The Honey Trap: the social and cognitive adequacy of language in educational contexts

Journal of Applied Philosophy 5 (2):211-224 (1988)
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ABSTRACT The attack on bidialectal approaches to the teaching of writing mounted by John Honey in The Language Trap is examined and critically discussed. It is argued that Honey confuses the issues of the social and the cognitive adequacy of a particular variety of language. In particular, his critique of bidialectalism, in so far as it is based on a version of verbal deficit theory and/or cognitive relativism, is misconceived. There are valid criticisms to be made of the bidialectal approach, but they centre on the social rather than the cognitive adequacy of different varieties of language. When the critique is formulated in this way, it is more enlightening and less misleading.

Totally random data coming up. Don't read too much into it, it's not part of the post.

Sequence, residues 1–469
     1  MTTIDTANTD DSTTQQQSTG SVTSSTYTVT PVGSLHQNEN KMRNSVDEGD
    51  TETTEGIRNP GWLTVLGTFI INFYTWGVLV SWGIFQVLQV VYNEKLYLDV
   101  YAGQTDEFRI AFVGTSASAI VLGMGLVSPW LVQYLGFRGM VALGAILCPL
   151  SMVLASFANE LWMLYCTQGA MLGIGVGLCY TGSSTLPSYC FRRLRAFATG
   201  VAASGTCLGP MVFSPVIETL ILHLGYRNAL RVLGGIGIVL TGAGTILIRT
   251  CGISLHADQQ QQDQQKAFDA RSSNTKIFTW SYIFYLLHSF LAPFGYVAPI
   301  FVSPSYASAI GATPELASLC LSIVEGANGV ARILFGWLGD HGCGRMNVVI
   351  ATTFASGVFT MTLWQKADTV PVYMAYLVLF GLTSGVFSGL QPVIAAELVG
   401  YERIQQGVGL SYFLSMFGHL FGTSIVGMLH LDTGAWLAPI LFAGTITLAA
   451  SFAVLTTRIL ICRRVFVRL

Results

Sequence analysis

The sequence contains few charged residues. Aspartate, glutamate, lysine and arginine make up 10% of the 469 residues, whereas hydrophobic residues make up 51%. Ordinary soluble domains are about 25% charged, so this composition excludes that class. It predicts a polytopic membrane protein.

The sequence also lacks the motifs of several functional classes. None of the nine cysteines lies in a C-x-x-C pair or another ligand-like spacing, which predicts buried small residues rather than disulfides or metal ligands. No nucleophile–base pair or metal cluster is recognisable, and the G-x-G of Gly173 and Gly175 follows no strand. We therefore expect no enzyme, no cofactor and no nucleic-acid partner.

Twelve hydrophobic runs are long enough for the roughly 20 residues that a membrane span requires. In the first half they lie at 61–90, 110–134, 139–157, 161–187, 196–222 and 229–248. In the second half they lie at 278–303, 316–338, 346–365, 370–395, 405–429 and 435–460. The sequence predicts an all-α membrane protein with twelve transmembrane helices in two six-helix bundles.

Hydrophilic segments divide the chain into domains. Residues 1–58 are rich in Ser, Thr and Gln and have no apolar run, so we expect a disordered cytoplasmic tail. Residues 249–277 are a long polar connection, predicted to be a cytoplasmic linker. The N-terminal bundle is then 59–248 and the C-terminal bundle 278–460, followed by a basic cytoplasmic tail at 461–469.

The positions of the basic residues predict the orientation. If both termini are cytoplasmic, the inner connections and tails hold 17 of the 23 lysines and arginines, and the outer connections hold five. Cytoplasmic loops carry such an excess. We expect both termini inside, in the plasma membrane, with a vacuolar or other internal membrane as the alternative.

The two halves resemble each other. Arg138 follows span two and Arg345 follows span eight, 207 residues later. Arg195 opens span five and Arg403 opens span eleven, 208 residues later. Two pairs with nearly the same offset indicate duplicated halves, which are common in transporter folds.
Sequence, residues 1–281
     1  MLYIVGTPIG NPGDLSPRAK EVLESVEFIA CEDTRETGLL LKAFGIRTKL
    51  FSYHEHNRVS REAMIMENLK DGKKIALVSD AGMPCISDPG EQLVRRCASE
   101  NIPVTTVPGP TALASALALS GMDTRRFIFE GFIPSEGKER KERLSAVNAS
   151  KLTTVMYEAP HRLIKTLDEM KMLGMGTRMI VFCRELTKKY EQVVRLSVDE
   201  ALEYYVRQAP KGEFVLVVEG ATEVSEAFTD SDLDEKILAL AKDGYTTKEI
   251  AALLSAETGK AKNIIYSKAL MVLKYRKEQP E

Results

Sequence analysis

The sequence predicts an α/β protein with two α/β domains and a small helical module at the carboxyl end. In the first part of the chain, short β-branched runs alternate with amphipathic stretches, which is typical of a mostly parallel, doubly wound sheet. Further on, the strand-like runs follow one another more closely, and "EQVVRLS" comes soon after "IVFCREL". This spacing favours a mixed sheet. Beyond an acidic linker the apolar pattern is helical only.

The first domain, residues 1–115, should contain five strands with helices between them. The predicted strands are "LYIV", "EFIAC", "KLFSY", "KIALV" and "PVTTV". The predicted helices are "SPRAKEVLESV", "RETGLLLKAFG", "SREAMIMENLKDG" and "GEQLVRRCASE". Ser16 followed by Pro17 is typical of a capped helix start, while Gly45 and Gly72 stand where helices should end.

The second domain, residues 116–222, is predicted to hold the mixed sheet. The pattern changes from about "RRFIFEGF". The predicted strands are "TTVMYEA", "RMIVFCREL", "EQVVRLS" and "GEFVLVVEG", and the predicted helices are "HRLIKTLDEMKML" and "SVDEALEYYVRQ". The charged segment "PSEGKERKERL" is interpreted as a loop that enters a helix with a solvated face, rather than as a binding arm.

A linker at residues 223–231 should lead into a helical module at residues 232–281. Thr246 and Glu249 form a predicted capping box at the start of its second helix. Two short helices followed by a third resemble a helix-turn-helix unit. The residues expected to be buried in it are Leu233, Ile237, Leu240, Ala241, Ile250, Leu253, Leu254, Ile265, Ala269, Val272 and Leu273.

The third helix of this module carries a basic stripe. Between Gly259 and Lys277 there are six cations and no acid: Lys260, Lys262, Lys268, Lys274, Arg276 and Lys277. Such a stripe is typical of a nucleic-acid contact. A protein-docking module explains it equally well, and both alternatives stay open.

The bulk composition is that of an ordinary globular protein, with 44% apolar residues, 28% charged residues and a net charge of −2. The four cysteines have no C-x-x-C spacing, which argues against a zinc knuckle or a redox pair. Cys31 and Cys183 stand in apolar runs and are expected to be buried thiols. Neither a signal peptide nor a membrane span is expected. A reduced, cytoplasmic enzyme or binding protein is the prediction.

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Christopher Winch
King's College London

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Education, literacy and the development of rationality.C. A. Winch - 1983 - Journal of Philosophy of Education 17 (2):187–200.
Verbal Deficit and Educational Success.C. A. Winch - 1985 - Journal of Applied Philosophy 2 (1):109-120.
Linguistics and'cultural deprivation'.David E. Cooper - 1978 - Journal of Philosophy of Education 12 (1):113–120.

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